Fife man who vandalised Wallace Monument during independence referendum granted taxi licence

Young was found guilty of damaging the Wallace Monument in 2014.
Young was found guilty of damaging the Wallace Monument in 2014.

A man who vandalised the Wallace Monument during the Scottish independence referendum has been granted a taxi licence in Fife.

James Young, St Mary’s Place, St Andrews, was found guilty of painting the Abbey Craig rocks in Stirling blue in support of the Yes campaign in the weeks before the 2014 vote.

The 48-year-old was handed a community payback order of 150 hours and a fine of £7911 to remove the paint.

At the regulation and licensing committee on Tuesday, Fife Council agreed to grant him a taxi licence.

Councillor David MacDiarmid said: “I really wish he was here so we could judge his character. He has a chance to be in a better place and a better position if he was offered a job to get back on his feet.

“We’ve lifted a lot of people out of these messes at this committee and some have been people with offences as long as two arms and we’re giving them that chance. That would be the direction I would want to go today.”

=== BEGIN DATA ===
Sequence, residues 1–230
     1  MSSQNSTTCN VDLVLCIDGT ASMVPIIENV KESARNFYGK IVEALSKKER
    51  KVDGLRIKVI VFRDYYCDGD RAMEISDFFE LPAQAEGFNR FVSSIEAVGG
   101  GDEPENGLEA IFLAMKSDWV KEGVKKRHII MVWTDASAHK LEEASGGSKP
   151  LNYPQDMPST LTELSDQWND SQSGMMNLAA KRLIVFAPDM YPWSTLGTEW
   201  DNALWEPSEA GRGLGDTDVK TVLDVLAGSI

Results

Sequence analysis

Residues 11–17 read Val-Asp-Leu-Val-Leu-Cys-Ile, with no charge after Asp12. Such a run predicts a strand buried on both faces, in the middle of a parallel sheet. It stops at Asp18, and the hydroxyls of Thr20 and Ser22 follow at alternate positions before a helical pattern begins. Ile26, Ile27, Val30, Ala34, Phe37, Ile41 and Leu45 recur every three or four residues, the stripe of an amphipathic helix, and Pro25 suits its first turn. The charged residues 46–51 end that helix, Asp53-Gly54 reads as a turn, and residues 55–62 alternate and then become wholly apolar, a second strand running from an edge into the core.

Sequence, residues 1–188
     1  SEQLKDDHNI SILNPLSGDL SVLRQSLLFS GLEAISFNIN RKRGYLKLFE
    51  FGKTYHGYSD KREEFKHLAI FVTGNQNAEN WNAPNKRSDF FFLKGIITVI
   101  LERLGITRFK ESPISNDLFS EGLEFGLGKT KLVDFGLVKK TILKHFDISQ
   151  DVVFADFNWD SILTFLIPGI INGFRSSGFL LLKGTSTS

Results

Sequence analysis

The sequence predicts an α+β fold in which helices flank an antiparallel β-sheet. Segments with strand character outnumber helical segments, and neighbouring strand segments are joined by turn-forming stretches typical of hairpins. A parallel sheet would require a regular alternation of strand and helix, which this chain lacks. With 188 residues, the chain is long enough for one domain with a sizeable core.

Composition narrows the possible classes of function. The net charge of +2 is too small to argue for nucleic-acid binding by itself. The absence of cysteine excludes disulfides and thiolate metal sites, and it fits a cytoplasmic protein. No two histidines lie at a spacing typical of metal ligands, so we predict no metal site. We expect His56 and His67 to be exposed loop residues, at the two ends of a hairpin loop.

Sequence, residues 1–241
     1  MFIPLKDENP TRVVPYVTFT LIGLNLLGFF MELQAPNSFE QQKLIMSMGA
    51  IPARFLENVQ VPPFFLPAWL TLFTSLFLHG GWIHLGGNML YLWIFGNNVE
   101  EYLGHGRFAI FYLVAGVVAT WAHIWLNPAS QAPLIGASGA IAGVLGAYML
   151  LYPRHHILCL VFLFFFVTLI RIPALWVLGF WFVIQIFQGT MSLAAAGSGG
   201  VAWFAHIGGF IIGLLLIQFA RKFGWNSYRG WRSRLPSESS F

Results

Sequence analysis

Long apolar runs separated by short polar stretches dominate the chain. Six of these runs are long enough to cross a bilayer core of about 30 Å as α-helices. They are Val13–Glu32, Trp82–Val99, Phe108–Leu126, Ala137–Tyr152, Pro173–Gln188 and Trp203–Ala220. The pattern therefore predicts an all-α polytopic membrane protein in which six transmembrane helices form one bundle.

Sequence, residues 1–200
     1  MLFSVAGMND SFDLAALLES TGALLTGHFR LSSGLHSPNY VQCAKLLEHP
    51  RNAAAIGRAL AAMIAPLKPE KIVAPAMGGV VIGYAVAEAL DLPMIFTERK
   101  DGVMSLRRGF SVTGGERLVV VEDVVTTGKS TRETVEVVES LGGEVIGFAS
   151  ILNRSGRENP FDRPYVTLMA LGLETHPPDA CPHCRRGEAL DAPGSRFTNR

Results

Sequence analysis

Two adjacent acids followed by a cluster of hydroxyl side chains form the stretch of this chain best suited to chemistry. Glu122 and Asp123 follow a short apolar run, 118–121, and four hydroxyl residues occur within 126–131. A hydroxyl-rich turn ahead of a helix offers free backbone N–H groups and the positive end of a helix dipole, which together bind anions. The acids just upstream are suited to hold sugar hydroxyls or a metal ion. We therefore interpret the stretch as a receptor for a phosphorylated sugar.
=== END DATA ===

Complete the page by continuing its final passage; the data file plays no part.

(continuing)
However, Councillor Ryan Smart moved that he not be granted a licence, saying: ”The point of this committee is for people to come forward and hear about what they’ve learned – but he is not in front of us to answer those questions. If the applicant would’ve been here I probably could have supported it.”

Councillor Richard Watt proposed an amendment to grant the licence with a warning, adding: “His fine and community service appear to be in order. In relation to that period, it is a time that I think everyone was pretty heated. It doesn’t relate to being able to drive a taxi.”

The application, heard without Mr Young being present after he didn’t show up for the third time, produced a tied vote.

Convener Carol Lindsay gave the deciding vote to grant Mr Young a licence with a warning.